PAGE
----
(viii) WRITING TO A RECIPE
If I have a few projects planned—and I usually do—I’ll go with the one that seems to have the best prospects in the market right now. But that’s very different to turning out a book to order because of a market demand.
It’s true, markets for particular kinds of books rise and fall all the time. One minute, publishers are all looking for family outback sagas, next minute, they’re all looking for supernatural YA stories. Australian publishers are especially aware of what’s making a splash overseas.
But here’s the snag. If you don’t have your outback family saga or supernatural YA story already written, you’ve already missed the boat. Publishers have sniffed out the next big wave long before it attracts media attention, long before you or I have heard of it.
As I type this, Stephanie Meyer’s ‘Twilight’ series is the current big wave we all know about. Hundreds of hopeful authors are probably turning out Daughter-of-Twilight books right now, and you can bet that publishers are gritting their teeth as they await the forthcoming deluge. As with Harry Potter, so with Twilight—if you’re not at the leading edge of the wave, you’re nowhere.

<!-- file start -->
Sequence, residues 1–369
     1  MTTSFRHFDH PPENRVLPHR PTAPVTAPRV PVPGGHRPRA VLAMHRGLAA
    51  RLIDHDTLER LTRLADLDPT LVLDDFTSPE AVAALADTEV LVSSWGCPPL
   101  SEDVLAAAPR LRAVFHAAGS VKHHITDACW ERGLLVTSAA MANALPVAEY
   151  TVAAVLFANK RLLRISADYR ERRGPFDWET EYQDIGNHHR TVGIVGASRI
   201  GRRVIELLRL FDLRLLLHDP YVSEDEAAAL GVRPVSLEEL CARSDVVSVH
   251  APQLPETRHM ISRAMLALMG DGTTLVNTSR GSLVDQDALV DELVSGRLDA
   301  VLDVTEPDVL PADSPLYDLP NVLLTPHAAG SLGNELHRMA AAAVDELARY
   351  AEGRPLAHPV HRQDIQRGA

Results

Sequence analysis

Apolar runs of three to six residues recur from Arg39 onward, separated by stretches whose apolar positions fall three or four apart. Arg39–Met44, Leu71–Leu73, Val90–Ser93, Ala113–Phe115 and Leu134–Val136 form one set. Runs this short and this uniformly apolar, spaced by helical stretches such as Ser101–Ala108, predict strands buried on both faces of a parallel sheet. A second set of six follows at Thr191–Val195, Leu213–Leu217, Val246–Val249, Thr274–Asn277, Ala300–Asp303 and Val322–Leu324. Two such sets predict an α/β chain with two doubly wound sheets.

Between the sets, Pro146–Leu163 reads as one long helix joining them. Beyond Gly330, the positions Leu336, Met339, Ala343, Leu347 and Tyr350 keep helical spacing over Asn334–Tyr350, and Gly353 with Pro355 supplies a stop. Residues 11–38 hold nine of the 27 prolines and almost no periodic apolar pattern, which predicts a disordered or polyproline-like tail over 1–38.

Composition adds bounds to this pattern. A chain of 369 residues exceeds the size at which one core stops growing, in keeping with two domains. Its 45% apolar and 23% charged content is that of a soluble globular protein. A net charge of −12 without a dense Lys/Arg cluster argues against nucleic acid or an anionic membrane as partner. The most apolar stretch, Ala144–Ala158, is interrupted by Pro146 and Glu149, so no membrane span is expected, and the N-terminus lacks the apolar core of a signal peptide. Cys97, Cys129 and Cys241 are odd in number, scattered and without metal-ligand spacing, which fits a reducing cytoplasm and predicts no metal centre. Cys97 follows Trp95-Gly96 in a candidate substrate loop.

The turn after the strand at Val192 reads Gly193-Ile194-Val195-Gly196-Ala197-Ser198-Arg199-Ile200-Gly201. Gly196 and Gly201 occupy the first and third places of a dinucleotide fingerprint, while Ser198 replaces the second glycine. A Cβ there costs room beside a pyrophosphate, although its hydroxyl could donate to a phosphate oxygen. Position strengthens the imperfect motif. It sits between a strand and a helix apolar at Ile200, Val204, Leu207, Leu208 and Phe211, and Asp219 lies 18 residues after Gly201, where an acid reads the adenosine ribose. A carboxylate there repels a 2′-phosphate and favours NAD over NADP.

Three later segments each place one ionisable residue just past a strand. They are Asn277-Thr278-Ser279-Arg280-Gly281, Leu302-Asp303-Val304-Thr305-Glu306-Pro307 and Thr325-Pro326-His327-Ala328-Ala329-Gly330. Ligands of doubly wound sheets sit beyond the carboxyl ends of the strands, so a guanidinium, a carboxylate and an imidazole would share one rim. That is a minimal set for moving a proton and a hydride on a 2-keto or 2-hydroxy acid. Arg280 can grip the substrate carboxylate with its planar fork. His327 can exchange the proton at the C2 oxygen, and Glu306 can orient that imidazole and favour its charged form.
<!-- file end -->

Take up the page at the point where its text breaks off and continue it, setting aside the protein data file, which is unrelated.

Writing quickly won’t help. There’s still a huge time-lag between a publisher accepting an MS and the book appearing on the bookshop shelves. Rarely much less than a year—and that’s without reckoning the incalculable time-lag between an author finishing an MS and a publisher accepting it.
So, yes, it helps to have a market opening up at the right time for your book, but that’s mostly a matter of luck. It pays to recognize larger tendencies; for example, that Australian publishers are bringing out very little adult SF or adult horror right now. But copying the recipe of someone else’s success is a losing game.
Be hard-headed about not being hard-headed. The best policy is still to write the book that you can write better than anyone else.
(More on luck and timing later)